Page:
Sorting, reviewing, evaluating, discarding, actioning.
Sitting at the dining table today through paperwork is a pretty standard part of my life. I seem to be constantly collating, making decisions and responding to physical or electronic forms, payment to be made, email requests and advice.
As I was dividing documents into piles, I realised I my sorting extends beyond paperwork. I make so many decisions – collating opportunities and requests, choosing some and discarding others, sometimes on my own and sometimes with or at the direction of others. There are so many choices available, issues to focus on, people I would like to spend time with and so many things we could do with our days. Whether consciously or not, I am making choices – going one way rather than another – because that is what has to happen. Decisions, decisions – constantly sorting, constantly judging. I’m starting to realise that I only have so much attention and emotional energy and it cannot extend across everything I think is worthwhile.
It’s all been overwhelming and I’ve been having little (if you define little as ‘huge’) tantrums, which the whole family has been enjoying (again, if I extend the definition of ‘enjoying’ to mean ‘experiencing while hating’). As well as ranting a lot, I’ve been throwing my hands up (literally – because what good is a tantrum if it is only shouting?) and declaring ‘No more – I give up’. And then I sit and wait for someone to solve them all for me. And then I stop waiting. Life, and I, will go on.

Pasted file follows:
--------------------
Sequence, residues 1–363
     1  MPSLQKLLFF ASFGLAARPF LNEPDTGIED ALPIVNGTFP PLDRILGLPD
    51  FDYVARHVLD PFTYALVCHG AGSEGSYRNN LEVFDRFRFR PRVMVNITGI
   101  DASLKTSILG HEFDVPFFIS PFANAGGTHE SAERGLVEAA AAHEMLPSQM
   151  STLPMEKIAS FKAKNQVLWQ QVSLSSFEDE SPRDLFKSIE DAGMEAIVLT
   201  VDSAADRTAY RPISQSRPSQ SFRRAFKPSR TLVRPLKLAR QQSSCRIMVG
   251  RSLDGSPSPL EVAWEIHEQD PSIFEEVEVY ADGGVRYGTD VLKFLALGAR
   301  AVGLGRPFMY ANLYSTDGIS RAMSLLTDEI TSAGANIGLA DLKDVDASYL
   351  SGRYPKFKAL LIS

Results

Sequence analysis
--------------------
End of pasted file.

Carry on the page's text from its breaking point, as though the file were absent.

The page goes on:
But I do need to change the way life goes on. I’ve been thinking about this a lot lately, but so far haven’t acted. Just being thinking. And, of course, sorting and making decisions. Sigh. Not a lot of progress.
Fortuitously, a little book arrived in the mail on Friday, from a lovely blogger called Kelly Exeter. You can read more of her thoughts here – http://www.kellyexeter.com.au
I was lucky enough to read Your Best Year Yet before it was published, and it contains some great, common sense ideas for those who are tired of feeling overwhelmed and would like to feel more purposeful in their life. I’m looking forward to re-reading it (and encourage those who are interested in a succinct book of good practical tips to do so too).
In the light of Kelly’s prompts, I’ve been thinking how to better manage the sheer volume of stuff to think about and do.
Here’s my starting list –
1. Work out what’s important and focus more of my energy there
I’ve committed to too many activities – teaching a weekly class at the kids’ school, being a class representative, being on church committees, book clubs, other church groups. I’m trying to attend all events that my children perform or compete in, keeping on top of their homework, and attend all school and sports fundraisers. I also share my professional town planning knowledge with friends and family because you do, if you can, don’t you? I managed to negotiate working 4 days a week, however I increased my hours to offset this, so was working close to full time. Attending school events meant making up the hours by working later into the evenings. It was exhausting.
Attempts to develop a consistent exercise program and being more than an email / text facebook friend have been sporadic, to say the least. These are important to me – I need to free up time to be able to give more in this area. I also need more space to be with my husband and kids. There is some prioritising to be done.
2. Set my sights on what is achievable. Small steps are better than no steps
As much as I’d love to be the world’s best cook, the fact is a) I’m not that great, b) I’m married to someone who is much better and c) I’m not really very interested.
Last year, I decided I would cook new and innovative meals each week, which would broaden everyone’s taste buds and add to my repertoire. I would demonstrate as well to my kids that I could cook, taking the burden off my husband and showing them that they too could learn.